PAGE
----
Current Hardware Environments Supporting POC



Laptop and tablet computers-hand carried or cart mounted.

Can run the same software as the main system, reducing training requirements.

May be connected wirelessly to the main system.

May run as a workstation for a browser-based system.

Small laptops are becoming available. Tablets are still expensive.

May be connected to bar code or RFID readers for medication administration functions.

Homecare can use wide area network (WAN) technology to access the central database from the client’s home.

Infection control may be an issue.

Fragile, unless made more rugged.

Limited battery life.

May be shared by staff members.

Personal data assistants-Microsoft Windows Mobile, Palm, Tungsten operating systems

May run special application with either continuous or periodic connection to the main system.

May run as browser allowing access to the main system.

Small and light.

Can be brought to the resident even when not in bed.

Commercial versions are fragile. Rugged versions are available at higher cost.

May be connected to bar code or RFID readers for medication administration functions.

Potential for theft.

Infection control may be an issue.

One per staff member on duty is usual.

Homecare can use wide area network (WAN) technology to access the central database from the client’s home.

Wall-mounted kiosks or computers

Available near the point of care.

Flat screens have reduced size dramatically.

Touch-sensitive screens facilitate ease of use.

May be shared by staff members.

Radio communication/voice-assisted care

Two-way communication between staff and the system, and with other staff members.

Immediate documentation of care.

Tracking of system utilization for quality control.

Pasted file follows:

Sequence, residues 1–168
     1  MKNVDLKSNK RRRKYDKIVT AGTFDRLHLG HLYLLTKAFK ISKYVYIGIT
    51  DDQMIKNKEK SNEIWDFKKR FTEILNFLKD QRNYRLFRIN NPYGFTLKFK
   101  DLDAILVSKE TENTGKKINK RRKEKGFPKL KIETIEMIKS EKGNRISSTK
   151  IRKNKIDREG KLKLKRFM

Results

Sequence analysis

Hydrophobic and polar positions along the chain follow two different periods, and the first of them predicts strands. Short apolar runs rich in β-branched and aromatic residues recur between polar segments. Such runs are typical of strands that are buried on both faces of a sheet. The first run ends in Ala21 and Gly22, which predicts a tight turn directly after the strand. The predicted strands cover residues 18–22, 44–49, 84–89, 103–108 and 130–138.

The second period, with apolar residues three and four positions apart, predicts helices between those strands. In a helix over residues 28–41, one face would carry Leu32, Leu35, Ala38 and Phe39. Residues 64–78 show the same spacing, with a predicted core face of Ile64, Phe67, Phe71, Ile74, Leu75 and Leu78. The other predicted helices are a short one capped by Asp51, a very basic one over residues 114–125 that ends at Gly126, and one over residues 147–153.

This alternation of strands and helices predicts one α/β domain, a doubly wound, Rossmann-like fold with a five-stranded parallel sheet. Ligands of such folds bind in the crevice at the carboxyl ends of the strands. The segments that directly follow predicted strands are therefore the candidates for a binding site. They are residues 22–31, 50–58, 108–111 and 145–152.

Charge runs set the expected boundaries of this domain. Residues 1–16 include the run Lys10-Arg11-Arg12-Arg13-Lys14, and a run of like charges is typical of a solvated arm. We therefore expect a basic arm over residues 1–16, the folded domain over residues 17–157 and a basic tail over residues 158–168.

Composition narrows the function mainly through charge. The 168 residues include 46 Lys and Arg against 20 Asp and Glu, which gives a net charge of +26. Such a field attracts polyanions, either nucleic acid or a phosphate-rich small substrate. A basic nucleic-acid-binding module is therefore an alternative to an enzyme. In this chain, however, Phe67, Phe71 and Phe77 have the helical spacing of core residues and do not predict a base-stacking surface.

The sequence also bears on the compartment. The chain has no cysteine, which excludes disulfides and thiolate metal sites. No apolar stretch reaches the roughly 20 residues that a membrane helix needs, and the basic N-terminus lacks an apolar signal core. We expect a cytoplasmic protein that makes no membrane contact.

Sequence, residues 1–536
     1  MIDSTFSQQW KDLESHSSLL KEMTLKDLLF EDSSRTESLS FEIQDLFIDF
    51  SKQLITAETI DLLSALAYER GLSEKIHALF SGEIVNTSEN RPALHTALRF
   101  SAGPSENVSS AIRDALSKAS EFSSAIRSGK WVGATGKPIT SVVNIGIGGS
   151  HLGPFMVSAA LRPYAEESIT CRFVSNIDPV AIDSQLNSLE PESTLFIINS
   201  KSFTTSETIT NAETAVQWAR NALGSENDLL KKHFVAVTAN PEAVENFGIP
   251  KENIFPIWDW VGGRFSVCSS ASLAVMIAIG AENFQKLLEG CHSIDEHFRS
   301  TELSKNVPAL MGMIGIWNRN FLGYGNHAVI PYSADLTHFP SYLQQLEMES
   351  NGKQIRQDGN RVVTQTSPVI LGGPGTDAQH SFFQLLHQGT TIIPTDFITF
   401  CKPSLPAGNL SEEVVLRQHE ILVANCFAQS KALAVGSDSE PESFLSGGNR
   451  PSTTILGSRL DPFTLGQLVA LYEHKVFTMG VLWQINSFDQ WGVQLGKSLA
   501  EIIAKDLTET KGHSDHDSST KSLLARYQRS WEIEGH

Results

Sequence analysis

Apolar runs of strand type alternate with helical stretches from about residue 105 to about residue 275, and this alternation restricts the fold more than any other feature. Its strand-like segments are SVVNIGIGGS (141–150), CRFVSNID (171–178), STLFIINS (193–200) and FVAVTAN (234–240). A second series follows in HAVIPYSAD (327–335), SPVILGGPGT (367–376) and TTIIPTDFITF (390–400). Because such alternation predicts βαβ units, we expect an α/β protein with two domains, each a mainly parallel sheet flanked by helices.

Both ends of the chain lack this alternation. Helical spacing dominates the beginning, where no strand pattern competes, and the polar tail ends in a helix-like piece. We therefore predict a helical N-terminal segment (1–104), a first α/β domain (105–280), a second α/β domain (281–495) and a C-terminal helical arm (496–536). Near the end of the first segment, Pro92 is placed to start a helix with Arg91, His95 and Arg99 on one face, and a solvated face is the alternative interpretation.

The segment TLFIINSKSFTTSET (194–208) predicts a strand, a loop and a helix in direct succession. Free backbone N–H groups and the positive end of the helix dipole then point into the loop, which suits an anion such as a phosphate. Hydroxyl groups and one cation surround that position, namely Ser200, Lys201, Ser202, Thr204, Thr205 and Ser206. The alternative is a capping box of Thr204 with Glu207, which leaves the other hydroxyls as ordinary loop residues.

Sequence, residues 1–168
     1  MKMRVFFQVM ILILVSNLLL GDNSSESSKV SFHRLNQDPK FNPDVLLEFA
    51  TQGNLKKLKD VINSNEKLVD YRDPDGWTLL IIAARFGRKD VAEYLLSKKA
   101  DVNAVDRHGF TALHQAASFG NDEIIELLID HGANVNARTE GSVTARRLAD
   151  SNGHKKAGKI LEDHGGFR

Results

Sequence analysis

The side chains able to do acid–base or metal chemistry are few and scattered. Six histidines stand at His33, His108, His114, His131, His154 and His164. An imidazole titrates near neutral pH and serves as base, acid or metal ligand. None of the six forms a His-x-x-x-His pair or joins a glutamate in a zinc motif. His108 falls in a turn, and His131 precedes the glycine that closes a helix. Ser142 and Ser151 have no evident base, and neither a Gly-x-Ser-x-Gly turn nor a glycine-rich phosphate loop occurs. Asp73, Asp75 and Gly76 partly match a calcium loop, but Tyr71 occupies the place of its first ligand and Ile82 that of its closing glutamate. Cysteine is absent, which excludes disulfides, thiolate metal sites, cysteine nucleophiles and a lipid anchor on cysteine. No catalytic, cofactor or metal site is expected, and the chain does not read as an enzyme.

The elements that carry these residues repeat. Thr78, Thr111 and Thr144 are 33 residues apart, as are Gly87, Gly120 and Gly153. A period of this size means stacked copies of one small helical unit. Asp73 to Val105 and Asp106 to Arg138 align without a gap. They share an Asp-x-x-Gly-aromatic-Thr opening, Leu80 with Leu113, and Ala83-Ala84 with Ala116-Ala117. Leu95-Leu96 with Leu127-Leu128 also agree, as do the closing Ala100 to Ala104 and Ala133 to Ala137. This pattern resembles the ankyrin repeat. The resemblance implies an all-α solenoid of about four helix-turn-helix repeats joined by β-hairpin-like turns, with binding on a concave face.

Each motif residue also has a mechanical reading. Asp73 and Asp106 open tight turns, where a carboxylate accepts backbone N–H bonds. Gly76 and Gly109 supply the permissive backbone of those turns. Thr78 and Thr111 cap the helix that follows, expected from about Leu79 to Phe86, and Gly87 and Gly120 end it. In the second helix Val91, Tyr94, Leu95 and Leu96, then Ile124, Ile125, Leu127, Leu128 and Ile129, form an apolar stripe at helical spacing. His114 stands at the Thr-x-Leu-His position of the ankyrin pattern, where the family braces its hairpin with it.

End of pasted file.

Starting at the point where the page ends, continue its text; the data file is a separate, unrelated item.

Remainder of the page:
No infection control issue since it’s worn by the staff member.

One device per staff member is required.

Smart paper

Not yet seen in long-term care systems, but holds promise.

Special pen-like device writes on paper forms and records the data entered electronically.

Keeps the paper consistent with the electronic version without keyboard transcription.

Almost no learning curve.

Requires high-quality color laser printer in addition to the special pen-like devices.

System selection

As with all technology purchases, POC acquisition requires significant research and review to make informed decisions. Reviewing the literature, sales materials, and case studies are a good start. Developing the business case for POC technology is very facility-specific, depending on the size, budget, staff, location, and philosophy of the institution. Discussions with current users of potential products are highly recommended and a site visit is even better!

The staff who will have to use and implement the technology should be included in the decision-making process. Planning for the life cycle of the product must include ongoing costs, disaster recovery, training new staff members, monitoring use, and harvesting the promised benefits of the technology.

David M. Oatway, RN, MPH, is a long-term care IT consultant based in Key West, Florida. He is Chair of the HIMSS Long Term and Post Acute Care Special Interest Group and a member of the American Health Information Management Association (AHIMA) and Health Level 7 (HL7). A contributor to the development of MDS 2.0, he developed one of the first clinical MDS systems (CHAMP). He is currently supporting CMS’s STRIVE national nursing home time study to help revise the nursing home Medicare PPS.

To send your comments to the editor, e-mail mhrehocik@iadvanceseniorcare.com.

Long-Term Living 2009 June;58(6):54-58

Topics: Articles , Regulatory Compliance